Lexington Schools Behold the Power of the New York Times
If you’re wondering what would be lost in a world without newspapers, consider the news that the superintendent of Lexington has asked the state to review the practice of putting kids in isolation rooms in the wake of a parent’s New York Times op-ed. In Sunday’s Times, Bill Lichtenstein wrote about a national trend toward using “physical restraints and seclusion rooms” to keep control in schools. His interest in the issue, he says, sparked in 2006 when his daughter attended a Lexington kindergarten. He writes:
We later learned that Rose had been locked in the closet five times that morning. She said that during the last confinement, she needed to use the restroom but didn’t want to wet her outfit. So she disrobed. Rather than help her, the school called us and then covered the narrow door’s small window with a file folder, on which someone had written “Don’t touch!”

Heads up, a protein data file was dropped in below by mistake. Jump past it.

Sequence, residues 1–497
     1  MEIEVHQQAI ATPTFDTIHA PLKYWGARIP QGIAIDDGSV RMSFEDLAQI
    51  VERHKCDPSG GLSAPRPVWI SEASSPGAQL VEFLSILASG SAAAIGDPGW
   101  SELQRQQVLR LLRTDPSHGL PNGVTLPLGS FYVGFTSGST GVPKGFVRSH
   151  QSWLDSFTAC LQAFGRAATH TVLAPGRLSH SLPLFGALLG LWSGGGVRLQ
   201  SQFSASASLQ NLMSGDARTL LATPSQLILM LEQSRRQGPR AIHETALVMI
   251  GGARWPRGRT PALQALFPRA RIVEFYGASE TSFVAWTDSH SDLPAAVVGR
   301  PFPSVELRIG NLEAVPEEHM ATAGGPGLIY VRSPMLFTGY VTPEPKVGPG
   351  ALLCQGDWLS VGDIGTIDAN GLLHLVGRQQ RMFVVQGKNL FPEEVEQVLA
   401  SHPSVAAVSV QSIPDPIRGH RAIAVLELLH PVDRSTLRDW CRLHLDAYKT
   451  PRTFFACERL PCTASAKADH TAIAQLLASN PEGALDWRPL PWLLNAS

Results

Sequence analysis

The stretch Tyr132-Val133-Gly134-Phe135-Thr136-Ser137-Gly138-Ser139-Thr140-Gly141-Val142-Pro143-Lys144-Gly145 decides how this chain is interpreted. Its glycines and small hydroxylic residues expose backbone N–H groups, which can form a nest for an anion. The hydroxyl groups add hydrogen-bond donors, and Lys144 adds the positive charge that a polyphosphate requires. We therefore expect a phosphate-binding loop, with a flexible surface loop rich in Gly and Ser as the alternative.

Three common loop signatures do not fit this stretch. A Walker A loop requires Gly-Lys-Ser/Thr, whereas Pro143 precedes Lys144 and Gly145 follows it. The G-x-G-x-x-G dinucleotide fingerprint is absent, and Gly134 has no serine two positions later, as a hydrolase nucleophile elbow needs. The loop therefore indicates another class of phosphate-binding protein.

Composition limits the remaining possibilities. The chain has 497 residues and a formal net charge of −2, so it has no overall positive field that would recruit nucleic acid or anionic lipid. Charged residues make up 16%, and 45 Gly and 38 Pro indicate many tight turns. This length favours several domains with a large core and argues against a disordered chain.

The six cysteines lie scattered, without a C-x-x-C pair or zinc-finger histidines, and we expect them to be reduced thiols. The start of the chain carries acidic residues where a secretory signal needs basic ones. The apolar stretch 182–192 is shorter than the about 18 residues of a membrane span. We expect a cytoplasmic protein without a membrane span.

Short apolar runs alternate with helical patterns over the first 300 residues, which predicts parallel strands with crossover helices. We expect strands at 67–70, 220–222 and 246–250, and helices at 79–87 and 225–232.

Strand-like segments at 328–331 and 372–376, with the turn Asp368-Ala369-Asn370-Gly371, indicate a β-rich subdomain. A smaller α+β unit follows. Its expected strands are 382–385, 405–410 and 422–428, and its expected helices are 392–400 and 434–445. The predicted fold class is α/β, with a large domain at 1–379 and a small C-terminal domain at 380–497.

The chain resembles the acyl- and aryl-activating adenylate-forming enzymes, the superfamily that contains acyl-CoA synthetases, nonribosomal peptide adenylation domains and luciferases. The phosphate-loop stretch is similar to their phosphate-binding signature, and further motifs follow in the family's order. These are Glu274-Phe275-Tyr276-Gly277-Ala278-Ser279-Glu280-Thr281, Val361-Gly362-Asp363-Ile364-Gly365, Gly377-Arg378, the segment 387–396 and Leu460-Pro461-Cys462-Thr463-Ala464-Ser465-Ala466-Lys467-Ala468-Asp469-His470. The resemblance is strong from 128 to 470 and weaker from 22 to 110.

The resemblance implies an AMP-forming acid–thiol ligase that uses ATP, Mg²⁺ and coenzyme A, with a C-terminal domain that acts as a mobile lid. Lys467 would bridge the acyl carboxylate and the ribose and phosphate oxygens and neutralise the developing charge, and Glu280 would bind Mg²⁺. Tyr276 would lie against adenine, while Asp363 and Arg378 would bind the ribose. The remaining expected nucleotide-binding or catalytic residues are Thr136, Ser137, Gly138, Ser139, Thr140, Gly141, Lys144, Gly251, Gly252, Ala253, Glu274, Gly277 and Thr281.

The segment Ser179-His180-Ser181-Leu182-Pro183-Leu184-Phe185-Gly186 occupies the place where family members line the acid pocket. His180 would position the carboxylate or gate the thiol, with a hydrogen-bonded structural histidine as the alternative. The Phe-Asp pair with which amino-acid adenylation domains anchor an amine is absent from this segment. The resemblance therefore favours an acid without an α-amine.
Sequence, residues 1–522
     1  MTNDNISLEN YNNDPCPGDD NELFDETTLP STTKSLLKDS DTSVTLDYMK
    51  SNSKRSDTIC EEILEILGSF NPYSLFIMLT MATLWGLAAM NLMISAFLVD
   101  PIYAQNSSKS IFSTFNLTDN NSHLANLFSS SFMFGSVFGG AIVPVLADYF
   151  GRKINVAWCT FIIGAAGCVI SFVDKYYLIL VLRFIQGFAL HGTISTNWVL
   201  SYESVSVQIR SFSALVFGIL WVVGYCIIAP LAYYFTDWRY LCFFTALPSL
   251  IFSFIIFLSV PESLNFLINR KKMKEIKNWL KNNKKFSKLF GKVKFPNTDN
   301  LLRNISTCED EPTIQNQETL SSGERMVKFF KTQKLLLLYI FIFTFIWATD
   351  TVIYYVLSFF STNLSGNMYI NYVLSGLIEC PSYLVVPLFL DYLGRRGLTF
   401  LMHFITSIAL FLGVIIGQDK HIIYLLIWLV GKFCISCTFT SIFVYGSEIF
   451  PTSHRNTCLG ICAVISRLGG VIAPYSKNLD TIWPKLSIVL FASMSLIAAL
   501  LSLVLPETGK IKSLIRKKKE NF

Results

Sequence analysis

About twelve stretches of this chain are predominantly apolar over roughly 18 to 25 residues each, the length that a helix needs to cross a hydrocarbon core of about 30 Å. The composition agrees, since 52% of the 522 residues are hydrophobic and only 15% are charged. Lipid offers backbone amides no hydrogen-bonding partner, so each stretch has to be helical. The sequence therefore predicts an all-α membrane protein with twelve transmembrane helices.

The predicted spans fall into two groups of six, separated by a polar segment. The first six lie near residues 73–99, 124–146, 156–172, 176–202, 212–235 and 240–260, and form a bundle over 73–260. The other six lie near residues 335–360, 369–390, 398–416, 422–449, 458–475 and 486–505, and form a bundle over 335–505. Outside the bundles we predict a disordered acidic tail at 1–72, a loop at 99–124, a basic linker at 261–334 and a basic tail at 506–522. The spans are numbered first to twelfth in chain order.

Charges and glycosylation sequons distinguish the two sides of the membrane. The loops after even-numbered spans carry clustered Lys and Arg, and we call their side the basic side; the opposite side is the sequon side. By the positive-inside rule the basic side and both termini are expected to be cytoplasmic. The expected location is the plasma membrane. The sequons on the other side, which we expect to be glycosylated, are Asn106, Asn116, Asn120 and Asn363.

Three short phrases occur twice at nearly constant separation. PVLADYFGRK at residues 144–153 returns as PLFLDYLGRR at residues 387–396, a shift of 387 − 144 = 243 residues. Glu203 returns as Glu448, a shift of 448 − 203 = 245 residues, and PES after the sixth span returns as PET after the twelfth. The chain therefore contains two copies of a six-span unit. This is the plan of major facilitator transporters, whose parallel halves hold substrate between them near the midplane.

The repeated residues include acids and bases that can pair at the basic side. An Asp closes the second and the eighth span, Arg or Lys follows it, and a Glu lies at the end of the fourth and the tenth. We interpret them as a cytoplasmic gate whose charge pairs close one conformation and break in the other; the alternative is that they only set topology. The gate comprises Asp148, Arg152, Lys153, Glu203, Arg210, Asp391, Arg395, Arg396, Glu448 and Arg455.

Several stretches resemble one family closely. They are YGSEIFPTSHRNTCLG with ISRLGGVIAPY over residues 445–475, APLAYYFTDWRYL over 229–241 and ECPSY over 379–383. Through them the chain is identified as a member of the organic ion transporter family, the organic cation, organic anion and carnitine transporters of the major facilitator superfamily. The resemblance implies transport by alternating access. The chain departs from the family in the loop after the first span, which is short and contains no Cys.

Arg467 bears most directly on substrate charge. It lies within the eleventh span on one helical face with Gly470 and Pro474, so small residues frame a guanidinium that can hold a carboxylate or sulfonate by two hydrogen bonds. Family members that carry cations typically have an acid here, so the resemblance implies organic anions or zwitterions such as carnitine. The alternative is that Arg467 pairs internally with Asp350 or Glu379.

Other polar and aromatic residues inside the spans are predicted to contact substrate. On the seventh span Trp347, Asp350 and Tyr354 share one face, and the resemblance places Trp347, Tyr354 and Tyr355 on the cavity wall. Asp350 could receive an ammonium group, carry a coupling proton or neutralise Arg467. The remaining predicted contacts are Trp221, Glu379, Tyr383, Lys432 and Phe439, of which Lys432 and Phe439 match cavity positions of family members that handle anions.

We were told that Rose had been in the closet almost daily for three months, for up to an hour at a time. At first, it was for behavior issues, but later for not following directions. Once in the closet, Rose would pound on the door, or scream for help, staff members said, and once her hand was slammed in the doorjamb while being locked inside.
The column provoked a response from the parents who attended a school committee meeting. One parent brought up a similar case and others demanded an investigation. The school district settled out of court with Lichtenstein and maintains that there was no misdeed. “If any of these agencies conducted a formal investigation, I was not made aware of it,” Lichtenstein wrote in the Times. Fast forward six years, and though the school still doesn’t see any wrongdoing, it’s at least willing to let a higher authority judge.
Lichtenstein is, of course, presenting only one side of the tale, and so perhaps a state review will find that Lexington isn’t doing anything wrong. What’s most important is that the investigation is taking place. That’s why forums like the Times opinion page (and the Globe‘s follow-up reporting) exist.